What was the most important lesson you learned this week? It was in a private conversation I had with one of the filmmakers that came to give this talk and we were talking about when you’re the director and you’re in charge of the crew. I think it’s our natural human instinct to want everyone to like us and like what we’re doing and agree with us. What they told me was, “Find your love at home.” Have that person you have at home and have them be your rock and have them support you and that’s going to be your sounding board. That will help you make the hard decisions on location.

Narrative winners Bennett Lasseter, Henry Hughes and Jeremy Cloe

Henry Hughes, “Day One,” American Film Institute, California (Gold, Narrative)

What was the inspiration behind your film? It’s based on a real story. I was in Afghanistan and did two tours and on my second tour I had a female interpreter. Basically, I spent a year in combat with her and I thought she’s pretty much the coolest person I’ve ever met. It takes a really strong person to withstand that much pressure in a male-dominated culture, both locally and in the military. So that in itself, I think, is worthy of telling.

Favorite director: Alfonso Cuarón

Favorite movie this year:Mad Max: Fury Road”

Where do you see yourself in 10 years? Making dinner with my family in the countryside.

What was the most important lesson you learned this week? I learned that there is amazing history in this town, and to get to be a part of that was awesome.

Jeremy Cloe, “This Way Up,” American Film Institute (Silver, Narrative)

Why was this story important to you? I grew up in Las Vegas and I used to see these storm drains and I hadn’t really gone deep inside until I was a little bit older. When I did, I just remember this feeling of being able to disappear down there and something about that was always interesting to me because there are so many tunnels that go all throughout the city. A few years later I had a friend that I was close with and he became homeless for six months and he lived in these tunnels and I didn’t find that out until after. That stuck with me because I had no idea he was in there and all of my friends would have helped him out if we knew that. But it’s something about not being able to reach out and ask for help, I think.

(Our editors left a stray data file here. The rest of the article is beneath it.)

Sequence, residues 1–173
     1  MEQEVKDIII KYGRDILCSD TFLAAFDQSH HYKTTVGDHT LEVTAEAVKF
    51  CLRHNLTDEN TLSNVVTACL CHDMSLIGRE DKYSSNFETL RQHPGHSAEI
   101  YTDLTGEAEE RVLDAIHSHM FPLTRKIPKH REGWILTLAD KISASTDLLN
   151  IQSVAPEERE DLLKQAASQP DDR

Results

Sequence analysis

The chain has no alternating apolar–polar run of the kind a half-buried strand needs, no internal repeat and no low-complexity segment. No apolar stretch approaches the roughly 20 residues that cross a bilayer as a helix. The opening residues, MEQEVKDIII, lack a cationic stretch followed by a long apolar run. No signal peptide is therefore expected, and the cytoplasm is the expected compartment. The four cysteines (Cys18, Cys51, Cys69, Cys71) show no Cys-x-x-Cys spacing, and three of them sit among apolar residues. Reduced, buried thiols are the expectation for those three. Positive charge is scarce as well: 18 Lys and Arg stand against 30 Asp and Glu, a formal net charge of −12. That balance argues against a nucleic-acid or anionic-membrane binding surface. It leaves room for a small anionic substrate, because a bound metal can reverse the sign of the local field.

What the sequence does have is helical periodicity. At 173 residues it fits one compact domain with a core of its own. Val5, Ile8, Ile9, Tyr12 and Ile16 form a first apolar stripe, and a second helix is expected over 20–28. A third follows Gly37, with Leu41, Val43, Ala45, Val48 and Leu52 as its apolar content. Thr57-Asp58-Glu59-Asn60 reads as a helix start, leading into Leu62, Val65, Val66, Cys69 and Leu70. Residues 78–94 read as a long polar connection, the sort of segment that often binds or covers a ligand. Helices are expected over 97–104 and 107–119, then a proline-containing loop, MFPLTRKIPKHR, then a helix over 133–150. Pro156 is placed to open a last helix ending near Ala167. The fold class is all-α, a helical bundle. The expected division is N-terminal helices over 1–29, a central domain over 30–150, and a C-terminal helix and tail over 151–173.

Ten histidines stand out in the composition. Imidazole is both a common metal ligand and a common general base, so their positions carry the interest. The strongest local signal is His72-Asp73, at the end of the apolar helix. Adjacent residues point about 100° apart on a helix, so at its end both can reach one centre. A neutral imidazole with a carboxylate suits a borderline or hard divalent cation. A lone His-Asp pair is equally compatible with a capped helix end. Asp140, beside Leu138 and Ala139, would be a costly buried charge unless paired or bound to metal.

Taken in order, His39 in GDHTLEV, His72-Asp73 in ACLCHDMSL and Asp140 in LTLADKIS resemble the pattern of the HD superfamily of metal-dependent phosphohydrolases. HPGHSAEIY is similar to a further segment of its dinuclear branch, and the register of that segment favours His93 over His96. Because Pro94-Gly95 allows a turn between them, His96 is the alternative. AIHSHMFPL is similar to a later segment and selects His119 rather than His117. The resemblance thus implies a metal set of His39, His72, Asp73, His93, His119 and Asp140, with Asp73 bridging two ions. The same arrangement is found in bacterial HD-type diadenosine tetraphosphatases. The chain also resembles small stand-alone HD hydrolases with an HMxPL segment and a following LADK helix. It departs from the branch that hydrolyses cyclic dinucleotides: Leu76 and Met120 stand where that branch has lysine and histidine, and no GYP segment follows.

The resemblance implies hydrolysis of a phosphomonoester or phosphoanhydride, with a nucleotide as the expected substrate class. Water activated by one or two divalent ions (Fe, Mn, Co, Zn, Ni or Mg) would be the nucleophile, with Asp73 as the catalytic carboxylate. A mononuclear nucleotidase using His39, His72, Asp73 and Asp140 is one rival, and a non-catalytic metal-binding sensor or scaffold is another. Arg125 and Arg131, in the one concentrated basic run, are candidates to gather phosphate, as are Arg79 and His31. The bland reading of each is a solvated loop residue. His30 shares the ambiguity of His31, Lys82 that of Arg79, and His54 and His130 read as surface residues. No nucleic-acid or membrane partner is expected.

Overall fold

Favorite director: David O. Russell

Favorite movie this year:Me and Earl and the Dying Girl”

Where do you see yourself in 10 years? I would love to be working with the same people I’m working with now and hopefully many more as well and working in television and features. Hopefully I’ll have a couple features under my belt and I would have a TV show set up that’s a couple seasons in or something like that.

What was the best part of your experience this week? I can already feel the ways that this has changed my life for the better and I’m really excited about that relationship that we’ve built and the introduction we’ve had. I’m looking forward to making the most of those opportunities.

Bennett Lasseter, “Stealth,” American Film Institute (Bronze, Narrative)